“Ravi Shankar was a virtuoso sitar player long before he became a cult for a drug-fuelled hippy generation” that found his music to be a perfect accompaniment to the experimentation with marijuana and LSD, said Tariq Ali at Britain’s Guardian . While he knew that his enormous popularity with hippies was underscored by their drug use, he took every opportunity to emphasize that his music was more than a background soundtrack for a trip — often addressing crowds to tell them that he hoped they enjoyed his music more than they enjoyed taking drugs. “People had this idea that my music was somehow mixed up with the drug culture, that it was a way of losing your consciousness,” Shankar told the Telegraph . “But that’s so wrong, the tradition is all about achieving an inner purity.” Shankar and his music “represented a graceful and heroic alternative to transcendental experience at a time when the world could use one,” says Singh . “He was a musical connector, an emissary for Indian culture, and absolutely one-of-a kind.”

Until recently, Ravi Shankar kept an active schedule of concerts and some teaching. He was bestowed countless honors and awards from countries around the world, and even served a six-year term in India’s Parliamentary Upper Chamber.  He is survived by his wife Sukanya and two daughters

Sources:  Agence France-Presse, Voice of America and TheWeek

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lynnea2 The BoardLynnea Bylund is managing director of Gandhi Legacy Tours, Director of Gandhi Worldwide Education Institute, founder of Catalyst House and has nearly three decades of experience in administration, marketing and business development. She was a nationally recognized spokeswoman for the emerging alternative video and information delivery industries. She has a degree in holistic health-nutrition from the legendary and controversial health educator and activist Dr. Kurt Donsbach, she is the founder of two not-for-profit small business-based wireless trade associations and has lobbied on Capitol Hill and at the FCC where she has spoken out strongly against the cable TV monopoly, illegal spectrum warehousing and ill-conceived congressional schemes to auction our nation’s precious airwaves to the highest bidder.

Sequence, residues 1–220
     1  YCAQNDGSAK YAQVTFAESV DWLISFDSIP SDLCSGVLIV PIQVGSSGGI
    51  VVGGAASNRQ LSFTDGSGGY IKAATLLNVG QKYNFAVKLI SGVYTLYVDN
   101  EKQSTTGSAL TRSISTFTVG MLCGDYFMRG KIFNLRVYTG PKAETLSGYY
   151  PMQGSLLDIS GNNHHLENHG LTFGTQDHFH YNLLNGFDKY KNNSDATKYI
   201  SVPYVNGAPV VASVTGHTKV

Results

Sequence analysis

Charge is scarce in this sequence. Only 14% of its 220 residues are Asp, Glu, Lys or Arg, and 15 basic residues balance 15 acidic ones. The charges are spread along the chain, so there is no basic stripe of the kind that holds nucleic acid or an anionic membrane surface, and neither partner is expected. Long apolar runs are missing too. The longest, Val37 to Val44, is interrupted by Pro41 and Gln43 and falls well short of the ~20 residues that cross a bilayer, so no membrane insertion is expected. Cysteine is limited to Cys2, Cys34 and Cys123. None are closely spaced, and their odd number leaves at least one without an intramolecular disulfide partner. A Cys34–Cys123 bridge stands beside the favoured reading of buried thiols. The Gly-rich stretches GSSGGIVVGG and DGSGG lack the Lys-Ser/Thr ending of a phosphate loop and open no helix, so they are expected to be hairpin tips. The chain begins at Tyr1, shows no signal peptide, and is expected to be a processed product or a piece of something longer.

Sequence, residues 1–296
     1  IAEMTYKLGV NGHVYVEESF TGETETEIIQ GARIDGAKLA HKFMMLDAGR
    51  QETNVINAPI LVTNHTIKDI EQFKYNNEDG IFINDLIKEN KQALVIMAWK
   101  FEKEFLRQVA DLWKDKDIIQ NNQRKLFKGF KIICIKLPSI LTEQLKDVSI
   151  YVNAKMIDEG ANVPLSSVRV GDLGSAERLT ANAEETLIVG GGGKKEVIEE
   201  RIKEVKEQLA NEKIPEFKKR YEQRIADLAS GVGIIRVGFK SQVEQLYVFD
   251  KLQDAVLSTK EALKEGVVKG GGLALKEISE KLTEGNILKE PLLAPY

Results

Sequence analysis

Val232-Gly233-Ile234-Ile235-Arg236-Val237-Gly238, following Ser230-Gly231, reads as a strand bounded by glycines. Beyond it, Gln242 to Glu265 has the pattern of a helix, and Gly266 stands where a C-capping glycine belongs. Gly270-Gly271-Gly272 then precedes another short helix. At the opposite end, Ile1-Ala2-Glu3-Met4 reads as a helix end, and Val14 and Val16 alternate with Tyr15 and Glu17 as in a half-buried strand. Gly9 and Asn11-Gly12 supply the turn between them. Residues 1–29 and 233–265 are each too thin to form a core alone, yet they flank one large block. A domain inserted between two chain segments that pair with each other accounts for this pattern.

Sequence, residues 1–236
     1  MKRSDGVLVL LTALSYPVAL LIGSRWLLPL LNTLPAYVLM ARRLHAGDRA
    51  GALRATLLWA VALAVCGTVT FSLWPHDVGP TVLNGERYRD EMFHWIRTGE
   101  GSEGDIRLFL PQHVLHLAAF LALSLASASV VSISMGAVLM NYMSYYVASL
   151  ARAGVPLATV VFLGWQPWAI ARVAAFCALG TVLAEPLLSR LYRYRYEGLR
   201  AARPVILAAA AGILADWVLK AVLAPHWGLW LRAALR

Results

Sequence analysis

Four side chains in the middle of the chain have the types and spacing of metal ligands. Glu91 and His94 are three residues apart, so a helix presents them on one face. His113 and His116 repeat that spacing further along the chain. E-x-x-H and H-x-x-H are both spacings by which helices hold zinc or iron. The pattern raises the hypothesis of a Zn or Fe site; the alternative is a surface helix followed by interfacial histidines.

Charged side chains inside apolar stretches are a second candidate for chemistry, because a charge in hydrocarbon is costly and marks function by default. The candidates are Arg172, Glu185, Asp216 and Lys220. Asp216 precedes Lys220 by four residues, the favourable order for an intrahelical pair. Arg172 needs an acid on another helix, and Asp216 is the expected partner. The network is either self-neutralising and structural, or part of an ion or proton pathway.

Ms. Bylund is a founder and former CEO of a Washington DC telecommunications consulting and management company with holdings in several operating and developmental wireless communications systems and companies. In 1995 Lynnea became the first female in the world to be awarded a Broadband PCS operating permit – she was one of only 17 winners, along with Sprint, AT&T, and Verizon in the biggest cash auction in world history, raising a whopping $8 billion. Lynnea also spear-headed the successful effort to launch the first cable TV network in the South Pacific islands.
> Follow Lynnea on:  +LynneaBylund – Twitter – LinkedIn – FaceBook – Pinterest & YouTube